Estate Planning Needed For Any Estate

A couple of days ago I received an email from a realtor who I recently met who had a question about estate planning.  Her question was:  What level of assets do your clients need to own before your services benefit them?

After I responded to her question, she told me that the information was very helpful because she now understood why proper estate planning is so important for practically everyone.  Her response encouraged me to post my answer to her in this article.  As you will see from the following answer to her question, most everyone needs estate planning, or elder law planning, as some level - regardless of the value of your assets.

Here is my answer to her question:

Hi ——-,

Nice to hear from you.

Our clients span a pretty good range of assets depending on the nature of the matter we are handling for them.

In the Medicaid planning area, most of our clients have $50,000 to $400,000 in assets that they want to preserve from nursing home spend down.  Usually we are able to help most of them keep about 80% to 90% of those assets and still get nursing home care.

In the estate planning field, our clients range from young couples with virtually no assets (but who have minor children for whom they want to provide protection of life insurance and retirement funds for the benefit of the minor children if both parents are rendered incapacitated or die), to hundreds of millions of assets.  The size of an estate is really relevant only to the issue of estate taxation, which drives the planning in a certain direction to work on reducing estate taxes.  Most of our clients do not have a taxable estate ($5.25 million for an individual, $10.5 million for a married couple).

The objective of estate planning is to make sure that your assets, at whatever level, benefit those you want to be benefited.

When you have minor children that is critically important because minor children cannot own assets.  If proper planning is not accomplished for the family that has minor children, if something happens causing the death of both parents (auto accident usually), the life insurance and retirement benefits, and all other assets, are required to be placed under the control of the Court through a court appointed guardian.  It’s a very expensive process and requires court approval for expenditures to benefit the children.  Court approval means the attorney for the guardian must attend court and obtain that approval.  It is not always given because the presiding Judge may have a different opinion about what is good for the children.  By doing proper planning, you can establish trusts that allow the parents to choose who is going to manage the assets, and who is going to care for the children.  Absent a will designating who will be the guardian of the children, the court will choose from competing family members.  I can assure you, nothing creates ill will among family members more than a fight over who is going to raise the minor children of deceased parents.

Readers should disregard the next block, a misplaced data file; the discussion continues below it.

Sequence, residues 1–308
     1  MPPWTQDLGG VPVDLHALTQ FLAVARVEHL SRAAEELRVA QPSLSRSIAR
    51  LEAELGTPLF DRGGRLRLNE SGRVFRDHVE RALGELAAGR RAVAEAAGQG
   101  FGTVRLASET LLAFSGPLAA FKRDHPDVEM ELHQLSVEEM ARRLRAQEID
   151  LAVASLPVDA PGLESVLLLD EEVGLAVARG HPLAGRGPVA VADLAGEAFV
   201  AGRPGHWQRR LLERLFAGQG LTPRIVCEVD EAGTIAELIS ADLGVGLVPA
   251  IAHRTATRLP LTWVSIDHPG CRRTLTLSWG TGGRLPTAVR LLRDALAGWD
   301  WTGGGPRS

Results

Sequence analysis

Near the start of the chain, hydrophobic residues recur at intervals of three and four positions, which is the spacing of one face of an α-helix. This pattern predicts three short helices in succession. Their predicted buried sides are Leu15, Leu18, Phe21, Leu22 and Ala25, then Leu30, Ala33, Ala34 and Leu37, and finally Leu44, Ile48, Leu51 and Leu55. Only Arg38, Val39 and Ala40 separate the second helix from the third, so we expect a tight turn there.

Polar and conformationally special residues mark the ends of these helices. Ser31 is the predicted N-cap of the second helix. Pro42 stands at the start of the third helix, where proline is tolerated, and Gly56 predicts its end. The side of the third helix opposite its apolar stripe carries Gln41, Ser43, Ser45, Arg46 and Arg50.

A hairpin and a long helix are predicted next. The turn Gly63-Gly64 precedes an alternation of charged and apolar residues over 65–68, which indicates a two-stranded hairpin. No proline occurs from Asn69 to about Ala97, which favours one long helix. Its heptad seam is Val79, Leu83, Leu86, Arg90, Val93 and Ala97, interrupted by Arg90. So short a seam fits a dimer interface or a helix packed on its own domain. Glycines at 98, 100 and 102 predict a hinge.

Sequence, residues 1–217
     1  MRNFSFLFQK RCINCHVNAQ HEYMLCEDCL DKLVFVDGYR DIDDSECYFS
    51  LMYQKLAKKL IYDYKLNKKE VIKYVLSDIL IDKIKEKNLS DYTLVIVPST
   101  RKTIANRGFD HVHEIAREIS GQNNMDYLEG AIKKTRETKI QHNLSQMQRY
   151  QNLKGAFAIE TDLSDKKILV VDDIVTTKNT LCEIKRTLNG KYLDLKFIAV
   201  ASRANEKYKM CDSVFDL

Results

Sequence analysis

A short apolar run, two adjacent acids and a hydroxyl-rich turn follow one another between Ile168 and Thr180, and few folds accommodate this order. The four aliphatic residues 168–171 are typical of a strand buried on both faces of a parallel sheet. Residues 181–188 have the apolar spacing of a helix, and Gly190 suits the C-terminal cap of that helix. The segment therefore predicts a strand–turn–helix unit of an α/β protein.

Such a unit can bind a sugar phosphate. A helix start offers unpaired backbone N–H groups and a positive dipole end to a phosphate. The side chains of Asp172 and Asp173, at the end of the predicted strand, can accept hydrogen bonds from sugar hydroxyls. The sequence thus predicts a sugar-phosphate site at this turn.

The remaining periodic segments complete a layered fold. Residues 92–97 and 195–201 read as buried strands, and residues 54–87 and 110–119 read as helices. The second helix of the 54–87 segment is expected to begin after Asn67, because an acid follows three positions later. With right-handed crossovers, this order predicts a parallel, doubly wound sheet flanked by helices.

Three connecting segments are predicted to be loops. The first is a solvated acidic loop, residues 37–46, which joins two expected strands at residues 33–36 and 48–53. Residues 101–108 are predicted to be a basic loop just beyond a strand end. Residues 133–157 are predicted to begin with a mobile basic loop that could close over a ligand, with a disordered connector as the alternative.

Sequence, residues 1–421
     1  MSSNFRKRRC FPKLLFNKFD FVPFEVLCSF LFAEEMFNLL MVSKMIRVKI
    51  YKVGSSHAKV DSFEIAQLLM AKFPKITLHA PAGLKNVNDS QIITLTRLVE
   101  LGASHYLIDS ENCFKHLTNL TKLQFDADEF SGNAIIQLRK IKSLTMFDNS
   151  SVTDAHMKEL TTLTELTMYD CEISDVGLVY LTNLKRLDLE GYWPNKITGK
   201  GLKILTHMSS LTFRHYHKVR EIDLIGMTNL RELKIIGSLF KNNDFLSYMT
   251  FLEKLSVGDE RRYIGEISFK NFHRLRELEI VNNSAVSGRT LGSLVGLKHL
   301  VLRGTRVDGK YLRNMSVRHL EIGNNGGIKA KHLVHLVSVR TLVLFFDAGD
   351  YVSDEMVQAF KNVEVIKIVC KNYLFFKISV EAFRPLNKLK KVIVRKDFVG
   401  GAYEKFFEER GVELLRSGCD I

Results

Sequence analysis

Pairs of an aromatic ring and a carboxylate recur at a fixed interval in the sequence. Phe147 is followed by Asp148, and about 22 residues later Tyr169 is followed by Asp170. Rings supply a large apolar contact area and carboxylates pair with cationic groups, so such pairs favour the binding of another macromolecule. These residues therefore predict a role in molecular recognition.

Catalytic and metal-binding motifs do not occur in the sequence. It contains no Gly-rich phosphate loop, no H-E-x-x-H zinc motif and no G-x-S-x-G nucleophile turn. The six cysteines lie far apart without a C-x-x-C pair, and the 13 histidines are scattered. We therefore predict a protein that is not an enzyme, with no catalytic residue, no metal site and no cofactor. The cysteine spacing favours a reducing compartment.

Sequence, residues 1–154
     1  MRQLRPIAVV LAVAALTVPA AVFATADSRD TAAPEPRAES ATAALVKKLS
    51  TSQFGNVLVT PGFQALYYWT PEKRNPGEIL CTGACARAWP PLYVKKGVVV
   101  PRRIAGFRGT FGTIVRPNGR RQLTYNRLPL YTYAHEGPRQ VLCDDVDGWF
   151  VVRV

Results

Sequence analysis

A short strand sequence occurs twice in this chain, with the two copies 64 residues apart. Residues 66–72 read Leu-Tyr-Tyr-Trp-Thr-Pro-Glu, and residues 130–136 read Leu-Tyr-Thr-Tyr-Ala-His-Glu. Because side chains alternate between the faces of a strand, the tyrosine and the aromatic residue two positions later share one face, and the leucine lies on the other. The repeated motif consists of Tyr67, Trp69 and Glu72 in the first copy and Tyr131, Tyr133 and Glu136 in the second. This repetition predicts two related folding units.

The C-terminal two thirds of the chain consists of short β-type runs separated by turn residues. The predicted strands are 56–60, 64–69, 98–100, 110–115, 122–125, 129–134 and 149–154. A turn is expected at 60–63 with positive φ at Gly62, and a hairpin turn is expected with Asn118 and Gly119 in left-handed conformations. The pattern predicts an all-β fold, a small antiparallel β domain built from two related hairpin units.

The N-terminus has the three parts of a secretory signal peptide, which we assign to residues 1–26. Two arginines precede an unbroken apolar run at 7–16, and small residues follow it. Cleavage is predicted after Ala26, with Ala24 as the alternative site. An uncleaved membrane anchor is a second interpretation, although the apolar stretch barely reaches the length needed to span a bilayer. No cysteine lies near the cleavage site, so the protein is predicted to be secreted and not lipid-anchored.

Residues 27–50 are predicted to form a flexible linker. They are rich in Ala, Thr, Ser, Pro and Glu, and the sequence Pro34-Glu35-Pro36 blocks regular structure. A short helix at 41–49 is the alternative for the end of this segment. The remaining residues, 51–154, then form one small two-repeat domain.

Proper estate planning allows parents with adult children, as well as minor children, to provide some control over how the assets are distributed to the kids.  Sometimes kids have spending issues (i.e., no restraint free wheeling spending), sometimes kids have spouses who have the same problem, or the marriage is week and the objective is to protect the assets from going to a divorcing spouse, or perhaps one or more of the kids has special needs and receives government benefits.  The distribution of an inheritance to someone receiving government benefits usually will render them ineligible for the government benefits program and can very adversely affect their medical well being and their economic sustenance. Through the use of properly drafted trusts, we can effectively take care of all of those issues in the manner the parents think best.

All of these issues become more problematical with most blended families.  When there are children from previous marriages, the planning issues just get more complex.  Both spouses usually want to ensure that the other spouse has appropriate financial support after the death of the first spouse.  But, both spouses are also keenly interested in making sure their own children receive their appropriate inheritance at the death of the surviving spouse.  Those issues are very touchy for most blended families.  Utilizing joint ownership and beneficiary designations will lead to problems in almost every case.  We’re dealing now with a situation where a husband died leaving a former wife, children with the former wife, and a second wife who was married to him for 12 years.  He never changed the beneficiary designation on his life insurance policy, so it is going to his children and former wife, leaving no life insurance for his widow.  There is substantial evidence he never intended to leave several hundred thousand dollars to his ex-wife, but guess what, his ex-wife doesn’t care what he wanted and has refused to discuss turning any of it over to the widow.  Proper planning can deal with these types of issues, where the parties want to provide for them.

Some people also have charitable inclinations, even if they don’t have a lot of assets.  We can help design the most effective way for a person to provide the maximum benefit for their favorite charities, without negatively impacting their financial security during life.

So, there are lots of reasons for someone to visit an estate planning and elder law attorney, regardless of the level of their assets.

Hope this answers your question.  Let me know if you’d like more information.

Randy

 

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